It’s good news for insomniacs. For psychotherapists it will count as a mixed blessing. It will be bad news for those who manufacture Ambien.
Jason Ellis, a psychologist from Northumbria, England has fashioned a simple and effective treatment for insomnia. It works best for those who have only recently started having trouble sleeping. The patients in the study were not taking medication to sleep.
The bad part is that Ellis’ treatment involves one session of cognitive therapy. You heard it right, one session of one hour.
As I said, many therapists will greet this news with a mix of elation and chagrin.
The Daily Mail reports on the research:
The participants were separated into two groups, each with nine males and eleven females.
They all used sleep diaries to record the quality and duration of their sleep for seven days before treatment.
They also completed the Insomnia Severity Index which measures the nature, severity and impact of insomnia.
One group received treatment of a one-hour one-to-one cognitive behavioural therapy session delivered by Professor Ellis, who is also director of the Northumbria Centre for Sleep Research.
They also received a self-help pamphlet to read at home, while the control group received no additional support.
Most interesting were the results:
After treatment there was a significant difference between the group that had received cognitive behavioural therapy and the control group.
Within one month of the therapy session, 60 per cent of participants reported improvements in their sleep quality. Within three months, this had increased to 73 per cent.
Meanwhile just 15 per cent of those in the control group, who had not received the therapy, reported improved sleep.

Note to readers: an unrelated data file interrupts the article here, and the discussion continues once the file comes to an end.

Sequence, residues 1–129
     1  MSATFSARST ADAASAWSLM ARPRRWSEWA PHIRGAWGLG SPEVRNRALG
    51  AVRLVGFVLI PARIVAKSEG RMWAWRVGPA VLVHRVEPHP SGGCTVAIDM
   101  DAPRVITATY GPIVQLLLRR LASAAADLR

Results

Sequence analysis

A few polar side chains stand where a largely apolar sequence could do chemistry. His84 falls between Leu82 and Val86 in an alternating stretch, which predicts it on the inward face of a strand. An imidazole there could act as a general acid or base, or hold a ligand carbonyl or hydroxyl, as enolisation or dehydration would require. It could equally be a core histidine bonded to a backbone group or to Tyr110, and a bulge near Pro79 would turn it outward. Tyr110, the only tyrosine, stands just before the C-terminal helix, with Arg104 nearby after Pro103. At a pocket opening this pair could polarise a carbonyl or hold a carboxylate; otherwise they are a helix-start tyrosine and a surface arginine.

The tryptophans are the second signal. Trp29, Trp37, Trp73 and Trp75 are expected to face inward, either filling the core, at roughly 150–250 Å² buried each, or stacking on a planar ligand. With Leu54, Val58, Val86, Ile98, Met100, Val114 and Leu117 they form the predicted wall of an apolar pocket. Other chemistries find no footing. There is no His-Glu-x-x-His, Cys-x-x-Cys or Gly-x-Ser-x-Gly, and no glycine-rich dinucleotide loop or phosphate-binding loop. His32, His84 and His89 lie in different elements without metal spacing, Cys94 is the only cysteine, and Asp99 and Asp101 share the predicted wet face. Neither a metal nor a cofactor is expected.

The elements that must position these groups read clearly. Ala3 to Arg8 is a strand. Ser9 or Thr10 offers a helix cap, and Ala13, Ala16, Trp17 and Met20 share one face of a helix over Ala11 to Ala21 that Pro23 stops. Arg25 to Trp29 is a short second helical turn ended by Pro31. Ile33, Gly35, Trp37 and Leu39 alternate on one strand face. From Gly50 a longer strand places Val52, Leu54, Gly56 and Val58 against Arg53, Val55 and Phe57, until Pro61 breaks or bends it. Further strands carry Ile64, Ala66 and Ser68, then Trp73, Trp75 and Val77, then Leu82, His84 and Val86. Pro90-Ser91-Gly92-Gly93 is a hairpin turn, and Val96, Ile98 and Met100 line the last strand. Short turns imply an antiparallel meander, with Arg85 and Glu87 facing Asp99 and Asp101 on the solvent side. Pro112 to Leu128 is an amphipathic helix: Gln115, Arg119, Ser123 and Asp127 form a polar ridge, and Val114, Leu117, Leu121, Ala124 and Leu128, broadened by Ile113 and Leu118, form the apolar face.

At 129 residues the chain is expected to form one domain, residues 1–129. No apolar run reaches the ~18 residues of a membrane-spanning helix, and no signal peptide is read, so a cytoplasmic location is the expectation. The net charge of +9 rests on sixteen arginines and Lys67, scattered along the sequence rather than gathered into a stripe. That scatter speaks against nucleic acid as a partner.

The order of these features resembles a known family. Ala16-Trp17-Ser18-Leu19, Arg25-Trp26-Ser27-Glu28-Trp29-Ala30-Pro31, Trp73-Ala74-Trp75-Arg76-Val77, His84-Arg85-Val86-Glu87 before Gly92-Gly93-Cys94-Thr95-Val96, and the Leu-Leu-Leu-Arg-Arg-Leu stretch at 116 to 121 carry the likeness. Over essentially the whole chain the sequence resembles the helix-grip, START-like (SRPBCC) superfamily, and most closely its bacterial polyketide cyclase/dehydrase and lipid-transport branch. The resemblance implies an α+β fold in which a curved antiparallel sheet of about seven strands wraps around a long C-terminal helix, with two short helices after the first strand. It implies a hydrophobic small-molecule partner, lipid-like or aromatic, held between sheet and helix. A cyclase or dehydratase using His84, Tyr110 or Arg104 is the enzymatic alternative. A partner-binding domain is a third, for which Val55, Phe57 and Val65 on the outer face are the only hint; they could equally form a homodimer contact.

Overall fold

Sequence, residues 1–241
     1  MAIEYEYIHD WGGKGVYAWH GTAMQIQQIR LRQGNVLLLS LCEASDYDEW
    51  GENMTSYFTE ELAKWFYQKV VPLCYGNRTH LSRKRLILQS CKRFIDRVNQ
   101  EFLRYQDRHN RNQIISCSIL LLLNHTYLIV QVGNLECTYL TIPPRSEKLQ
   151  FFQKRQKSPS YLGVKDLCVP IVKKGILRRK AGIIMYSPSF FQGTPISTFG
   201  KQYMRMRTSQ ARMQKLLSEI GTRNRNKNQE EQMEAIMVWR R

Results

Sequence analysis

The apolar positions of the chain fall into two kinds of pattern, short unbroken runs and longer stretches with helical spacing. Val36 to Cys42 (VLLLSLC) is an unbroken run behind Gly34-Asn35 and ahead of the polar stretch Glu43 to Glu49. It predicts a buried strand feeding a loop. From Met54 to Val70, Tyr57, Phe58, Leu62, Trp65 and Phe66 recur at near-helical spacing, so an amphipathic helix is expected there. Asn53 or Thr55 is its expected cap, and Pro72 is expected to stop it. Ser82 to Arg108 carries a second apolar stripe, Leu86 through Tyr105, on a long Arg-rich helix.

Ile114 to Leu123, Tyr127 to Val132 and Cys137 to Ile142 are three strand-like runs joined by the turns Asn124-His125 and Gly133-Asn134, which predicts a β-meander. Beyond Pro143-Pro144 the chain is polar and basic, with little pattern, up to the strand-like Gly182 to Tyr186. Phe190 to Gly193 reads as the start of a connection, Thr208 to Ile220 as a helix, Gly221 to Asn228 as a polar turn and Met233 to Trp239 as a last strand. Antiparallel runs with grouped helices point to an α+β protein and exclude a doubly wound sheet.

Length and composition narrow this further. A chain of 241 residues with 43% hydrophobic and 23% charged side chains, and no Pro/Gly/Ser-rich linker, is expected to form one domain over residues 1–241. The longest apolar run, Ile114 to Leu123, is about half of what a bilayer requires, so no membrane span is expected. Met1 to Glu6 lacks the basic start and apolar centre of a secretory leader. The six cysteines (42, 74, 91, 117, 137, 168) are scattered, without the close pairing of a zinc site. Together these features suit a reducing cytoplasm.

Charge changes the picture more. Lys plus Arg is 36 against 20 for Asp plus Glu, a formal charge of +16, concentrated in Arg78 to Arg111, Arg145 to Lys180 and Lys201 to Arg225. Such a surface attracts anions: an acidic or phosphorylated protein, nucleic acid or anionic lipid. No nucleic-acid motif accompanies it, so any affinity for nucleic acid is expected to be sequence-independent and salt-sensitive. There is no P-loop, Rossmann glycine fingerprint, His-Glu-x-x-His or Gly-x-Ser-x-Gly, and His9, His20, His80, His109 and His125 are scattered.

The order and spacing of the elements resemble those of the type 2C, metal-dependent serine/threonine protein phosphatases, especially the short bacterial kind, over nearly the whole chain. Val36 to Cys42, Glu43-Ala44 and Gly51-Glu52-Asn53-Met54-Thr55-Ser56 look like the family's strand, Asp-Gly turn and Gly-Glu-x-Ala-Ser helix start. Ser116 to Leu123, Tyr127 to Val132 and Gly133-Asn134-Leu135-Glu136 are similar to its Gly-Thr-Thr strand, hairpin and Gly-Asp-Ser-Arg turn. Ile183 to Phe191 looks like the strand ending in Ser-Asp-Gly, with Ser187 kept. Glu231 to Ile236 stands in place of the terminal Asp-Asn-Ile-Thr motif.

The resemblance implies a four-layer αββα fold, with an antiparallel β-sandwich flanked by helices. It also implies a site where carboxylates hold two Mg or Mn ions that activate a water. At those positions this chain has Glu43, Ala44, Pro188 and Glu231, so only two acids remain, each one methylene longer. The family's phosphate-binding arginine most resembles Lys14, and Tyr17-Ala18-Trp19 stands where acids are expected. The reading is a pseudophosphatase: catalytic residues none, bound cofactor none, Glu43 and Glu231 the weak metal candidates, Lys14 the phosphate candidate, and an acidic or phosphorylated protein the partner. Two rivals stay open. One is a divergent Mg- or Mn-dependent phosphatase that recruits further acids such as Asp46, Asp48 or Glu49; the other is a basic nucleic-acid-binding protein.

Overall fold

On seeing the results, 70 per cent of those in the control group requested that they also be given the same treatment.
What did the therapy session teach these patients? Among other things it taught them what Ellis called the 15 minute rule.
If you cannot fall asleep within fifteen minutes, get up and get out of bed. You want to associate your bed primarily with sleep, not with the inability to fall asleep:
The therapy session covered sleep education and individual differences in 'sleep need' at different times of life.
Professor Ellis then introduced the principle of sleep restriction, which encourages the individual to only spend time in bed needed for sleep.
Using their recorded sleep diaries, the individuals were then prescribed a time to go to bed and a time to rise to improve their sleep efficiency.
Professor Ellis explained people often felt sleepy, but tossed and turned when they actually went to their bedroom, meant they were lying in bed feeling angry.
He coached them to lie for 15 minutes, but if they still could not sleep, they should leave the bedroom.
He said: ‘We’re trying to break the association between the bedroom being somewhere you can’t sleep. So that there’s only one stimulus and one response: bedroom equals sleep.
Simple, easy, low-cost, demonstrably effective therapy.
Now you know why cognitive and behavioral treatments have superseded psychodynamic psychotherapy and even medication.